The first discussion of the series is here
This is the second one, recording in 30 degree heat in SaiGon night traffic because... you'll see.
When we don’t prescribe how to do the work, we can allow greater fluidity. Workers flow to the work where they are needed and they can add value. Workers assemble dynamically.It is possible to have long-lived standing teams and still organise fluidly around the work.
One version of this is called “swarming”: getting the right people together dynamically as required to address a need, issue, or risk. An example of this is in support teams, responding to incidents. Conventional response is to have a service desk layer, who pass it to a back-room support layer, who if they can’t resolve it then pass it to experts. This creates a lot of bureaucracy and delay (and buck-passing). Using swarming, the right people come together as quickly as possible to cut through all the process and just fix it.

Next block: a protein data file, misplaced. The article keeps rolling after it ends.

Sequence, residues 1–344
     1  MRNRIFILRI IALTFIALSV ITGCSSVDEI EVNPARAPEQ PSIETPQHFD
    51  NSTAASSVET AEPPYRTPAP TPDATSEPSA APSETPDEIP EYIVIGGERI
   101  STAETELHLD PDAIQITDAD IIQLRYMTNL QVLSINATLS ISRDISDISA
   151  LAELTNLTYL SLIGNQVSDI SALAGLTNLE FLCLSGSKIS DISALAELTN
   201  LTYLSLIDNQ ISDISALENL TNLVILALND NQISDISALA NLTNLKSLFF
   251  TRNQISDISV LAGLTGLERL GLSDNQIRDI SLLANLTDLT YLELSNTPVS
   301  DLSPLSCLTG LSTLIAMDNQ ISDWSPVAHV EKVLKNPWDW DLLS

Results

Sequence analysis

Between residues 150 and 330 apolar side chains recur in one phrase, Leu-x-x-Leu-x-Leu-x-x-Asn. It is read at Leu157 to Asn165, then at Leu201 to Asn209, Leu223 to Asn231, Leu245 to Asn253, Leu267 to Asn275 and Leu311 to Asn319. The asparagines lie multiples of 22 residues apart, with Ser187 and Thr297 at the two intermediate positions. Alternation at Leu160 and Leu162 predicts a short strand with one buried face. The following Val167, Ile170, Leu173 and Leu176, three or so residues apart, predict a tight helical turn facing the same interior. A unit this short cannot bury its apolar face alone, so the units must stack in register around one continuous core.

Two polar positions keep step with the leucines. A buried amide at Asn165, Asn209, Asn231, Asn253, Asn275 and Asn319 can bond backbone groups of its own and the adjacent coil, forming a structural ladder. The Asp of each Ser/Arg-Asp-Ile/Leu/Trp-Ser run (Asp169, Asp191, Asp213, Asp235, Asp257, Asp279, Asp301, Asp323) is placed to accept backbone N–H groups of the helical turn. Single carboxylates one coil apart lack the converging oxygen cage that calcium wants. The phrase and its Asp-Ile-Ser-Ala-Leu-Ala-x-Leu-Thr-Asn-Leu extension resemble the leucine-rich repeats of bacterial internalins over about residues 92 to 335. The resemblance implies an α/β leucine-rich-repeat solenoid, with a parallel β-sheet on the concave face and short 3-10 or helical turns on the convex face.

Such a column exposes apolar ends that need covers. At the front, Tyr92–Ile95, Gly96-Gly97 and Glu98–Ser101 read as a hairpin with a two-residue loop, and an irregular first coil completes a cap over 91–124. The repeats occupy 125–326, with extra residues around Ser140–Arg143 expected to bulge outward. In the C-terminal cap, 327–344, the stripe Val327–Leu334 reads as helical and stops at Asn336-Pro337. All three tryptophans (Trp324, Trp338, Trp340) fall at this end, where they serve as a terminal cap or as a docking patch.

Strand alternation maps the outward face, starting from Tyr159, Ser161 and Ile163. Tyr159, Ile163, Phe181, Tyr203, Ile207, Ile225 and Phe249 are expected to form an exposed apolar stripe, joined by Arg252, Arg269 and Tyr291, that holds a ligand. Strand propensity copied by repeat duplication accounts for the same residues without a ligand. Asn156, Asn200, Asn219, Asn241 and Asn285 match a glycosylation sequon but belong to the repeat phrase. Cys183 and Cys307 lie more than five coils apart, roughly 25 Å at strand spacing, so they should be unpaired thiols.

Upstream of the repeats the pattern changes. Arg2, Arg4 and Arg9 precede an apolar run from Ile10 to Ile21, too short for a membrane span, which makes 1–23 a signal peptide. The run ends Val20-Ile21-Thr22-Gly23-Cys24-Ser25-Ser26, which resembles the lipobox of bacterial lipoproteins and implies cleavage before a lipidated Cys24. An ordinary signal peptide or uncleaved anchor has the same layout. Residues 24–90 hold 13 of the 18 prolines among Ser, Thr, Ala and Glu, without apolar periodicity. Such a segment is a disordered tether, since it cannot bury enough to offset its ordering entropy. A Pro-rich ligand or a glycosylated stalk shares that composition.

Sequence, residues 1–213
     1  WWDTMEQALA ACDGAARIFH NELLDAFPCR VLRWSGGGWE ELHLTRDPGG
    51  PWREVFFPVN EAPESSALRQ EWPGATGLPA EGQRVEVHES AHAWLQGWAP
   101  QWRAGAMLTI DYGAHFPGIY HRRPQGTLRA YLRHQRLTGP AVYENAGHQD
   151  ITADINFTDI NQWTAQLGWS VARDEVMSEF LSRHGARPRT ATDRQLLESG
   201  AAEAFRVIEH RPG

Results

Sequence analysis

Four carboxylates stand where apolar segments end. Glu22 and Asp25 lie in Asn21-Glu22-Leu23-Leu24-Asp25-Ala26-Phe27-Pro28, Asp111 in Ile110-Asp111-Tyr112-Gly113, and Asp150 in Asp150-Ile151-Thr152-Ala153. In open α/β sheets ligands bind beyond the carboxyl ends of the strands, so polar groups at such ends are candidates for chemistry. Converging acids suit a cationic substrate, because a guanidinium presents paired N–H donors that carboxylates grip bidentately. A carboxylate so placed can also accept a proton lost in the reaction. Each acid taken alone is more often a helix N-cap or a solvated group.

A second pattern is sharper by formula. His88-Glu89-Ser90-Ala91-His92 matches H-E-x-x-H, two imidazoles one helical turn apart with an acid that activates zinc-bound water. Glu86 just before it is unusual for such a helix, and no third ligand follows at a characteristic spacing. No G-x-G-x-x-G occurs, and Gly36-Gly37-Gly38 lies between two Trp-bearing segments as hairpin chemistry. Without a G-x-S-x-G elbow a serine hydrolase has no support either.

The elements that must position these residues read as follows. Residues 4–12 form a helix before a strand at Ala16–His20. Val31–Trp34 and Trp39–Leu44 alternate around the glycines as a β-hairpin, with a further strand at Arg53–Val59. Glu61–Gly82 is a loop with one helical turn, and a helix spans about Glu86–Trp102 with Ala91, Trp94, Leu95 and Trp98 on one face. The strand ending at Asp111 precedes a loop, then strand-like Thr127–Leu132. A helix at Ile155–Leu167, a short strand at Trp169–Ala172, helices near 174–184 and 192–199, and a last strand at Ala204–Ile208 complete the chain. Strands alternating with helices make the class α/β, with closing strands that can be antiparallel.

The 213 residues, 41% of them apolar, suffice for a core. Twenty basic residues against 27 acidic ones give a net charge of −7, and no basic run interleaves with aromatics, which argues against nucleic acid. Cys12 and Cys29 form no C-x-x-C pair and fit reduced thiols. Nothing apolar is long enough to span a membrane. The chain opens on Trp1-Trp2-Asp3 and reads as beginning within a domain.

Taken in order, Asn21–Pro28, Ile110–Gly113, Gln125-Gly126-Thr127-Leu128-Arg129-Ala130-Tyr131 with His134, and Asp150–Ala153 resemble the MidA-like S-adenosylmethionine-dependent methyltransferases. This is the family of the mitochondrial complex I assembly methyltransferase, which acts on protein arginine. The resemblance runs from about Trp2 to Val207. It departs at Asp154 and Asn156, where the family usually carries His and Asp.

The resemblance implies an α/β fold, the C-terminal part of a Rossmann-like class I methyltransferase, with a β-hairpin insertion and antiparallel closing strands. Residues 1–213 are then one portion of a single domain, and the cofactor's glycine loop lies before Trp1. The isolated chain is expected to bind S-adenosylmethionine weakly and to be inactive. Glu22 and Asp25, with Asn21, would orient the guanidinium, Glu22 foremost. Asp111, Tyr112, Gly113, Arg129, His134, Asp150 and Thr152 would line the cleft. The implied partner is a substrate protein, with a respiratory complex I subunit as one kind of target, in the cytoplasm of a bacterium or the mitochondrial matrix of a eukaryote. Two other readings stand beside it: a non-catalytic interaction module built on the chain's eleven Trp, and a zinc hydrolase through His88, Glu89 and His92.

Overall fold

One aspect of the highest level of Laloux’s culture model, “teal”, is this fluidity. People are self-organising. Under conventional management, self-organisation usually means a team plans and assigns work internally to meet goals given to them, and this feels progressive. But the ultimate teal self-organisation is self-assembly: a team find each other, determine their own makeup, identify the goal and desired outcomes themselves, source their own resources, and then do the internal planning and work distribution.
(From our book)